What, when & where
Mediating Place: Memory, Culture and Experience
MeCCSA Postgraduate Network
University of Brighton
10th and 11th September 2020
“Place is something more often sensed than understood, an indistinct region of awareness rather than something clearly defined. Place has no fixed identity, as places themselves do not, and has similarly been subject to numerous demands, whether theological or philosophical, political or aesthetic.”
Tacita Dean and Jeremy Millar, Place, 2005, p. 14
Dean and Millar’s comments encapsulate the pervasiveness of place in contemporary research – but also point to its inherently contested nature. The interaction of ideas, experiences and cultures of place are always already infused with power, politics and the plurality of possible pasts, presents and futures.
This conference aims to explore the multiple mediations of place and understand the demands and opportunities these provide for our research, in terms of both theory and method. What knowledges, practices and positionalities are opened (and closed)? What entanglements and encounters are produced (and denied)? What types of places emerge and how do they interact (or not)?
Structured to encourage understandings, experiences and discussions of place as a ‘simultaneity of stories-so-far’ (Massey, 2005), we are seeking papers, panel proposals and creative contributions from a wide range of disciplines and would be delighted to receive abstracts from interdisciplinary researchers and submissions from creative practitioners.
Contributions are not limited to the below, but the following are some themes delegates may want to present on:
Place can be created through the enforcement of boundaries – political, material, imagined, technological etc. – or can exist less tangibly as sensed or remembered. Places are oftenboth of these at the same time. Work that engages with the contested and productive natures of (un)bounded place, and work that attends to the boundary itself – exploring its particular social, political and cultural ecology – are just some examples of what might comeunder this theme.
This theme understandably links closely with ideas of bounded place as when a place is depicted, decisions are made of what is included and where the limits lie. It is possible to argue that all material culture is a depiction of the place it has come from, a notable example is the often stereotyped dot painting style of Western Desert Aboriginal art becoming synonymous with an Australian aesthetic (Gibson, 2011). A more overtly political element of depicted place may be discussed through the idea of mapping (and counter-mapping) place.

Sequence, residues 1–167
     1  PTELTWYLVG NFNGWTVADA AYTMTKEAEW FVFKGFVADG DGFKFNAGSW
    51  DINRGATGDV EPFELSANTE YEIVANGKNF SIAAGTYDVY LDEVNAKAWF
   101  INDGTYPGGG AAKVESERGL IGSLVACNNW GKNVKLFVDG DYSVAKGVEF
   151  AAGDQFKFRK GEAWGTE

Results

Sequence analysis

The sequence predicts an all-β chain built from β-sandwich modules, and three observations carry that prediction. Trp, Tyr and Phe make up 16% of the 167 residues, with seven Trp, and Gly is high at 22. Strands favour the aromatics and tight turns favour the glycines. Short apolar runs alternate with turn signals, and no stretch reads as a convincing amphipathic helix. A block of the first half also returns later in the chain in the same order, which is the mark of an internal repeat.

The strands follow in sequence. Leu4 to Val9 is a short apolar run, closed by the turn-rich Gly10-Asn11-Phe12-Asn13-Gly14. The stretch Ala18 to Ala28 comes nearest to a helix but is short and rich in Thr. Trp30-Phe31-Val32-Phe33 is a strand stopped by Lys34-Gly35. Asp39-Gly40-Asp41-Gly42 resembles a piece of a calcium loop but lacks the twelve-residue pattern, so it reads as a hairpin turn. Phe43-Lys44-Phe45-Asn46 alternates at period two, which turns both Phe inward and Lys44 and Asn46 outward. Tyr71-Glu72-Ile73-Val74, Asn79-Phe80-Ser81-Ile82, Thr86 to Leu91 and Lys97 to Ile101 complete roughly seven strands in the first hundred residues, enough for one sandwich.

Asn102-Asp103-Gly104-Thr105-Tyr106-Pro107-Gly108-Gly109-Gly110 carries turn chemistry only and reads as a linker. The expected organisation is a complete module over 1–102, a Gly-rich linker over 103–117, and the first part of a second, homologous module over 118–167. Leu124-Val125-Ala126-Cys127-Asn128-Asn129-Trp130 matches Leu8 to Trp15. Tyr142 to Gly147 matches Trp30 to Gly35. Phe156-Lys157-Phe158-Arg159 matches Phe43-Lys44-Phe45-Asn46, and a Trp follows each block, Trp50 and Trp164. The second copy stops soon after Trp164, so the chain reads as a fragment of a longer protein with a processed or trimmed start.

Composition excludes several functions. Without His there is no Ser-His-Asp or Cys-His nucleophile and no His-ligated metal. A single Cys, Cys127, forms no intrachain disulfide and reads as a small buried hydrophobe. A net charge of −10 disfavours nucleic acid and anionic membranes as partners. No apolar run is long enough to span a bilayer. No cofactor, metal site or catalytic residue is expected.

This theme speaks to both the increasing ‘placelessness’ of places through, for example, the homogenising forces of ‘development’ and the untethering effects of contemporary capitalism and its (apparent) ‘fluidity’, as well as the more material eradication of places through processes of power and politics, as well as climate change and environmental crisis. Questions of which places endure – in what way, and how, why and for whom – are alsopertinent here.
Examples of topics explored through theories of place:
Place’s Critical Relation to Space and Environment
Feeling Out of Place
The Politics of Place
Placing Oneself in Place
The Online/Virtual Place
Without a Place
Time and Place/Memoryscapes
Co-becoming With Place
The Agency of Place
Deadline & how to apply
Please send an abstract of 200-400 words along with a brief biography and
institutional affiliation to email@example.com by 30th March 2020.
We are accepting proposals for:
20-minute paper presentations
1.5-hour panel sessions (with 3-5 contributors)
Creative contributions: short films, performance, artistic practice etc.
If you would like to propose a panel please send a 300 word description of the panel along with the abstracts.
Please indicate in your submission if you need any specialist equipment, other than projector and podium.
Please also let us know if you have any particular access requirements.
Other info, Links & conditions